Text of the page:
Foder­ing­ham holds his nerve to win bat­tle of the bot­tle at Ham­p­den and toast sweet win over Celtic


YOU could call it wa­ter-gate.

It was re­vealed last night that Wes Foder­ing­ham, who branded beat­ing Celtic ‘the best mo­ment of my life’ on Twit­ter, showed his bot­tle to help Rangers book a place in the Wil­liam Hill Scot­tish Cup fi­nal de­spite ri­val cus­to­dian Craig Gor­don at­tempt­ing to psy­che him out by throw­ing his drink away dur­ing the penalty shoot-out.

Both men have worked with Scot­land and Rangers goal­keep­ing coach Jim Ste­wart, a man who is no stranger to us­ing such ploys to try to put off op­pos­ing stop­pers, and Gor­don got his re­tal­i­a­tion in first. While Ste­wart sent Rangers sub­sti­tute goal­keeper Cammy Bell off to re­trieve said item in the fran­tic con­clu­sion to this pul­sat­ing semi-fi­nal, the in­ci­dent didn’t ap­pear to do Foder­ing­ham much harm. The Englishman, work­ing from a list of each penalty kick taker’s pre­ferred side, made a cru­cial save from Celtic cap­tain Scott Brown, while Cal­lum McGre­gor and Tom Rogic were un­able to hit the tar­get.

“Be­ing a goal­keeper coach it’s your job to try and re­search other keep­ers,” said Foder­ing­ham. “Jim does that fan­tas­ti­cally well and Craig work­ing with him at Scot­land he’s prob­a­bly had one eye on that. But it didn’t pay div­i­dends for him. I don’t think Craig had a bot­tle but he could maybe have done with one!

“I just tried to fo­cus on the penal­ties and I got [the bot­tle] back from some­where,” the Englishman added. “Mag­i­cally. I don’t know what hap­pened. Jim does a lot of home­work on the penal­ties. We try and see which side play­ers favour. It paid off on the one that I saved so that was bril­liant.”

Foder­ing­ham went off into the night de­lighted with a save which he re­garded as the most im­por­tant of his life. It wasn’t the parry at mid height from Brown’s penalty which put the tin lid on a be­low-par out­ing from the Celtic skip­per, but the full length tip away from a wicked Leigh Grif­fiths free-kick right on 120 min­utes which was re­spon­si­ble for the match go­ing that far. He had a bit of luck on his side too, as the ball struck him on the back of the el­bow and bounced inches wide, as op­posed to an iden­ti­cal in­jury time free-kick from Hull City’s Robert Sn­od­grass in the Cham­pi­onship on Fri­day night, which hit the wood­work, the back of Wolves keeper Carl Ikeme’s head and bounced into the net.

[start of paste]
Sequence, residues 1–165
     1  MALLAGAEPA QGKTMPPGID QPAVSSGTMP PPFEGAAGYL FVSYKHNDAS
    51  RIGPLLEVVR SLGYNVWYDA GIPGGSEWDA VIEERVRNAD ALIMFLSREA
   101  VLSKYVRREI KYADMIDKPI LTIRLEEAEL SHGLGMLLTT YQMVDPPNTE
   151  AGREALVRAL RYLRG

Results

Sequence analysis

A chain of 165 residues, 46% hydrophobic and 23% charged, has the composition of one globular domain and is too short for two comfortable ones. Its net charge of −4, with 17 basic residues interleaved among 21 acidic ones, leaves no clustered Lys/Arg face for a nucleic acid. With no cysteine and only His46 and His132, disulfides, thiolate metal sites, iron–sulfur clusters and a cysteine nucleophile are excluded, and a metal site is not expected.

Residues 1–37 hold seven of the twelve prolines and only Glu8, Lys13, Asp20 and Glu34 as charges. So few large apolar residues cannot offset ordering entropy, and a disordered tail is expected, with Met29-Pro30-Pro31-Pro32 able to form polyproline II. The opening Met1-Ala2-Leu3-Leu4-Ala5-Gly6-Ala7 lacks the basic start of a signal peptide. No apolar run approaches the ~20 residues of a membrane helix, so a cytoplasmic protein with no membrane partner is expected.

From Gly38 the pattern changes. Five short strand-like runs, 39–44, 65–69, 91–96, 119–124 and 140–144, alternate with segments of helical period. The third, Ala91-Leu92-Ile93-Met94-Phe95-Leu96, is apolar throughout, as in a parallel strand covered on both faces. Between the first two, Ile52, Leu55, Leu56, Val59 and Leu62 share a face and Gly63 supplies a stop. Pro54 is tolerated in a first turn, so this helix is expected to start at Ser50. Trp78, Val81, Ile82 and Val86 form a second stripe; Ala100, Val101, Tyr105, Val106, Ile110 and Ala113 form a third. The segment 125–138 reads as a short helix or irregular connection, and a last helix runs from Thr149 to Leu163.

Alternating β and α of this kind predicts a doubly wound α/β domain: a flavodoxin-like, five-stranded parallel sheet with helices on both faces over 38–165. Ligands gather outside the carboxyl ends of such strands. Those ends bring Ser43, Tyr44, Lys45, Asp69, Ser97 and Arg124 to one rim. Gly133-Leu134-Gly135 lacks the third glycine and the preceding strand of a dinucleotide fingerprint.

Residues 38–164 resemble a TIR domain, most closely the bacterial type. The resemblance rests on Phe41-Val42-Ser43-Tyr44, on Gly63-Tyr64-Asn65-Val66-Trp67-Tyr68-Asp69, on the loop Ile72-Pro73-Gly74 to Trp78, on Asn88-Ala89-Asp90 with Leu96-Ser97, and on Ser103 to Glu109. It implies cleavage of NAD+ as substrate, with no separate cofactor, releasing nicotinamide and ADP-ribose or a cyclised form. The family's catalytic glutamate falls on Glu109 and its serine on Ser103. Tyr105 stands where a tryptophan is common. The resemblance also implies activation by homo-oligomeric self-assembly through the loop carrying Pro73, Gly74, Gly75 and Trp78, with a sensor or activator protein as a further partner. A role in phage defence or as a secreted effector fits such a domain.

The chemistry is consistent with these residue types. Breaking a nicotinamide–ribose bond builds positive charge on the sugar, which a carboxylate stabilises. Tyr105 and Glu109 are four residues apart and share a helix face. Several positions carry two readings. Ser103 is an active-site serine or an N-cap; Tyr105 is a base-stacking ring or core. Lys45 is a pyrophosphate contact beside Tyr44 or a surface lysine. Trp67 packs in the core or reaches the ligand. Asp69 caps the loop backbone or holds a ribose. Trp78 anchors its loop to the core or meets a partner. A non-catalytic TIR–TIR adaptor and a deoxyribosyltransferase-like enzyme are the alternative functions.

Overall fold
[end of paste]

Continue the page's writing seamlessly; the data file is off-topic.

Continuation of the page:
“I’d say it was prob­a­bly the most im­por­tant save I’ve made,” said Foder­ing­ham. “Ob­vi­ously, if that had gone in we lose the tie with it be­ing so late in ex­tra-time and I was de­lighted I could play my part in the game. It hit my el­bow. It’s hap­pened so quickly, come off the bar and hit me and I was re­lieved to see it go past the post.”

The 25-year-old, who got a re­prieve when a low Grif­fiths strike hit the foot of the post with Pa­trick Roberts fluff­ing the re­bound, savoured his first taste of the Old Firm ca­coph­ony and looked ahead to a fi­nal with Hibs in May which will be the first Scot­tish Cup fi­nal be­tween two non top-flight clubs. There has never been one in the FA Cup south of the bor­der ei­ther.

“It was mas­sive,” said Foder­ing­ham. “It was the best game of my life, the best game of my ca­reer. I’m just de­lighted we could get the win. We played some fan­tas­tic foot­ball, stuck to our guns and it paid off. I’m de­lighted for the fans as well be­cause it’s been a long time com­ing. It was a lit­tle bit of a roller­coaster with them get­ting back into the game and go­ing to penal­ties at the end and win­ning it in that fash­ion.”

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